Now that you have a working database you have a few options for how you want to use it.

Raw Queries

We’ve already done this in the previous exercise. You use your choice of program to interact with the database exclusively via SQL and run the queries you want. This is rarely the way to go and isn’t very useful for most applications. The SQL language is only good for doing database stuff.

mysql> SELECT subject, yr, winner FROM nobel
       WHERE yr=1960;
+------+------------+-----------------------------+
| yr   | subject    | winner                      |
+------+------------+-----------------------------+
| 1960 | Chemistry  | Willard F. Libby            |
| 1960 | Literature | Saint-John Perse            |
| ...  | ...        | ...                         |
+------+------------+-----------------------------+

Native Queries

Native Queries are a better method of interacting with databases. Your programming language of choice takes a SQL query as a string, runs that query on your behalf through a language-native database connection, and parses the response as a language-native data-type.

#!/usr/bin/python
import MySQLdb

db = ("localhost","testuser","test123","nobel" )

cursor = db.cursor()

cursor.execute("SELECT subject, yr, winner FROM nobel WHERE yr = 1960")

data = cursor.fetchall()

for winner in data:
    print "%s winner in %s: %s " % (winner[0], winner[1], winner[2])

db.close()

Object Relational Mappers

An Object Relational Mapper (ORM) is a library which allows you to write in a native programming language to interface with a database. So instead of crafting SQL queries you express in your native langauge what you want the database to do. This means you don’t write any SQL, the programming langauge handles those specifics for you.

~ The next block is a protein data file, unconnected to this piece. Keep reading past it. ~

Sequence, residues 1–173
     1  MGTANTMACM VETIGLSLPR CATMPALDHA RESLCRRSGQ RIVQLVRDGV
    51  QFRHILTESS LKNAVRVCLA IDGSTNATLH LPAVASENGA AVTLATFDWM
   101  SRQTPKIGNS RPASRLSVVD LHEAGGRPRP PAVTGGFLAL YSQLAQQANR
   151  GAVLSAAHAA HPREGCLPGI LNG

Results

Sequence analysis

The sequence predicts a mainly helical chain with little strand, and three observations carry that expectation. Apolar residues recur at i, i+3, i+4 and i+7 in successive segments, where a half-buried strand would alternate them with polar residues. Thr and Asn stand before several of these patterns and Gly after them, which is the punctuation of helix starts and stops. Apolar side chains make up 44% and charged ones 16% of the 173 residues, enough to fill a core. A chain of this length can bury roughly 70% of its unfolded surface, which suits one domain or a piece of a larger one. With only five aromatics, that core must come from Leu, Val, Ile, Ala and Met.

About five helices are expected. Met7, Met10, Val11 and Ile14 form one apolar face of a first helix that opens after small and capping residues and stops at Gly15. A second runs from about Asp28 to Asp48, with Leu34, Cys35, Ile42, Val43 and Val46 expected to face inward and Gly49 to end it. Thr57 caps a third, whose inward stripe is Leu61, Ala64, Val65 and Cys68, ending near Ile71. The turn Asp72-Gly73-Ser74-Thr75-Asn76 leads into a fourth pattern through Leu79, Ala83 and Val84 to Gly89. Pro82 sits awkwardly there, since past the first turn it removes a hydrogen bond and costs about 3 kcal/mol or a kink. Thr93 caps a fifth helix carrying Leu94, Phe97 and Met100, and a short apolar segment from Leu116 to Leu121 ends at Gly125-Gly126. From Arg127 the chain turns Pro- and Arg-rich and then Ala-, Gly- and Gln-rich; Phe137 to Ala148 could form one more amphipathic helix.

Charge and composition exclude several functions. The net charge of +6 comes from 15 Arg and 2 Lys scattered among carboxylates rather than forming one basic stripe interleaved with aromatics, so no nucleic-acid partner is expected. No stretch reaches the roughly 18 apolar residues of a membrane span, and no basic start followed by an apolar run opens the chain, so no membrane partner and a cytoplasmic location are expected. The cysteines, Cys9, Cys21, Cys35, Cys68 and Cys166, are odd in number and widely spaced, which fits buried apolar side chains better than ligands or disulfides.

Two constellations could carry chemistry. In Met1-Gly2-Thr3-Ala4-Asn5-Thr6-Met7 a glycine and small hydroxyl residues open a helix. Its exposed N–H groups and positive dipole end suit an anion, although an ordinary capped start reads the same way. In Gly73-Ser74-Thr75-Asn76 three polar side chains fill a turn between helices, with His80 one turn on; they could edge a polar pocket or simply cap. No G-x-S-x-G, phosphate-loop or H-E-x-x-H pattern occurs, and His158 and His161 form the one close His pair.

The real benefit of an ORM is that you can use any database backend you want and the ORM will compile your native code into a query for that database.

As an example you can write all of your queries for your database. In testing you use an in-memory SQLite database (very fast) and in production you use a PostgreSQL database. Testing with a Postgres database is a pain to setup, but you probably wouldn’t want to run SQLite in production.

  • Maps an Object in an application to a database table or relationship.
  • Talks SQL to the database, your favorite language to you.
  • Lets you point to different databases with the same syntax.
  • Intelligently manages transactions to the database.
# SELECT * FROM nobel WHERE yr = 1960
for subject, yr, winner in session.query(Nobel).filter_by(yr=1960):
    print "%s winner in %s: %s " % (subject, yr, winner)

Further Reading

CS 340
The CS 340 course at OSU (titled “Databases”) is a great introduction to this topic. If you have the option to take it you should!